Holliday, Wendy, and Jim Rogers. 2013. “Talking about Information Literacy: The Mediating Role of Discourse in a College Writing Classroom.” portal: Libraries and the Academy 13 (3): 257–271.

Kidd, Celeste, and Benjamin Y. Hayden. 2015. “The Psychology and Neuroscience of Curiosity.” Neuron 88 (3): 449–60.

Kuhlthau, Carol C. 1991. “Inside the Search Process: Information Seeking from the User’s Perspective.” Journal of the American Society for Information Science 42 (5): 361–371.

Kuhlthau, Carol C. 1993. “A Principle of Uncertainty for Information Seeking.” The Journal of Documentation. 49 (4): 339–55.

Litman, Jordan A., Tiffany L. Hutchins, and Ryan K. Russon. 2005. “Epistemic Curiosity, Feeling‐of‐knowing, and Exploratory Behaviour.” Cognition & Emotion 19 (4): 559–82.

Litman, Jordan A., and Tiffany L. Jimerson. 2004. “The Measurement of Curiosity as a Feeling of Deprivation.” Journal of Personality Assessment 82 (2): 147–57.

Litman, Jordan A., and Mark V. Pezzo. 2007. “Dimensionality of Interpersonal Curiosity.” Personality and Individual Differences 43 (6): 1448–1459.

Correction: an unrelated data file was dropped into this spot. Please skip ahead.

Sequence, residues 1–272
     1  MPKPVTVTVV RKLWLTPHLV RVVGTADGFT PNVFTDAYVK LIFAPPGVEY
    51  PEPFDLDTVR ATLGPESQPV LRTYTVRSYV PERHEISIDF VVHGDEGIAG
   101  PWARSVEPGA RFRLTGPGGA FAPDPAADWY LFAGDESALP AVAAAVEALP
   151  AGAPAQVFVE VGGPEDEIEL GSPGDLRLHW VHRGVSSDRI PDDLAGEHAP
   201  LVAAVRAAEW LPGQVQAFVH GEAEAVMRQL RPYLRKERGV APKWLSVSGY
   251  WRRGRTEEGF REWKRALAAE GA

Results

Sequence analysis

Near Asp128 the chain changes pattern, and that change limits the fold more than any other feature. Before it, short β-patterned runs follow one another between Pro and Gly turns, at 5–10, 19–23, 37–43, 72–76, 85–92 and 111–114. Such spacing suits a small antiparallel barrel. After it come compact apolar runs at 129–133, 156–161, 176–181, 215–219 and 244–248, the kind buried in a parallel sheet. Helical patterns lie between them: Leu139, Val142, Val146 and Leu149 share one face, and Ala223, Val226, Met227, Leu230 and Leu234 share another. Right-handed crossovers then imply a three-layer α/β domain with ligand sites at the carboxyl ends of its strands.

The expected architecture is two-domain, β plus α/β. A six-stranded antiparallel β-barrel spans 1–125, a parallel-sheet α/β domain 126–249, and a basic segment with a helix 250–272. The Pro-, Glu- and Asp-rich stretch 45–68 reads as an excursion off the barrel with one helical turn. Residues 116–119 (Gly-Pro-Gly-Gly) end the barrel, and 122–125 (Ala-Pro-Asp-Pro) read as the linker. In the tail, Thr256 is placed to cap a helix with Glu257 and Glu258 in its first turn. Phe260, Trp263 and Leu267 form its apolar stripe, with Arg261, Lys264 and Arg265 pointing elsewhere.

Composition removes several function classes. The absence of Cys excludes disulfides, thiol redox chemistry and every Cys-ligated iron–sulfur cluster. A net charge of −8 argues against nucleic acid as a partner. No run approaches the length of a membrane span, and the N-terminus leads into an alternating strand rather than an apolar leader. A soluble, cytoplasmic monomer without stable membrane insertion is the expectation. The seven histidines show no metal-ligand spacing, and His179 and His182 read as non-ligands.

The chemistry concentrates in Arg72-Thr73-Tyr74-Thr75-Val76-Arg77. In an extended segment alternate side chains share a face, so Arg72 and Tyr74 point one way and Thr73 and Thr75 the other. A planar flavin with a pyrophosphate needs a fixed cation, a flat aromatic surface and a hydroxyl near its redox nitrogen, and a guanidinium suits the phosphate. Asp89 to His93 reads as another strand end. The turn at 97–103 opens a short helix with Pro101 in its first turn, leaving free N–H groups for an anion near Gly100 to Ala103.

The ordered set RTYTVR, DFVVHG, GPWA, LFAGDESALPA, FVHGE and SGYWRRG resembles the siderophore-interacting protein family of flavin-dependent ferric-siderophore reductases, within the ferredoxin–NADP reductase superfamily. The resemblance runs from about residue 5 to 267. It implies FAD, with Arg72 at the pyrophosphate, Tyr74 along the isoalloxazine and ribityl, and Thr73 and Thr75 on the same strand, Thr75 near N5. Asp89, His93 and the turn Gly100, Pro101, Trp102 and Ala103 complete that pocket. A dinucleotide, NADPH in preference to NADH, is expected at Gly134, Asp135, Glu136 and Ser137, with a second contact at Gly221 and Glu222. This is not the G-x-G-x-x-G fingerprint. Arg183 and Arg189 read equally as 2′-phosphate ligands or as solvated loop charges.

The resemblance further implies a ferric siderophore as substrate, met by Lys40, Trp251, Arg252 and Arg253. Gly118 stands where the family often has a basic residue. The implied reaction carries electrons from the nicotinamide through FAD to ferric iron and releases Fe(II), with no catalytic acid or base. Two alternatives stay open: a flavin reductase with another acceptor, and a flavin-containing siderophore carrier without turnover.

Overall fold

Litman, Jordan A., and Paul J. Silvia. 2006. “The Latent Structure of Trait Curiosity: Evidence for Interest and Deprivation Curiosity Dimensions.” Journal of Personality Assessment 86 (3): 318–28.

Loewenstein, George. 1994. “The Psychology of Curiosity: A Review and Reinterpretation.” Psychological Bulletin 116 (1): 75-98.

McMillen, Paula S., Bryan Miyagishima, and Laurel S. Maughan. 2002. “Lessons Learned about Developing and Coordinating an Instruction Program with Freshman Composition.” Reference Services Review 30 (4): 288–299.

Senko, Corwin, and Kenneth M. Miles. 2008. “Pursuing Their Own Learning Agenda: How Mastery-Oriented Students Jeopardize Their Class Performance.” Contemporary Educational Psychology 33 (4): 561–83.

Zuckerman, Marvin, and Kathryn Link. 1968. “Construct Validity for the Sensation-Seeking Scale.” Journal of Consulting and Clinical Psychology 32 (4): 420-426.

Pass it on.
  1. Kulthau’s 1991 article in JASIST, “Inside the Search Process: Information Seeking from the User’s Perspective” has been cited 609 times in Web of Science, most recently this month, and almost 2,300 times in Google Scholar. []
  2. To trace this history of this collaboration, see McMillen, Miyagishima and Maughan 2002; and Deitering and Jameson 2008. []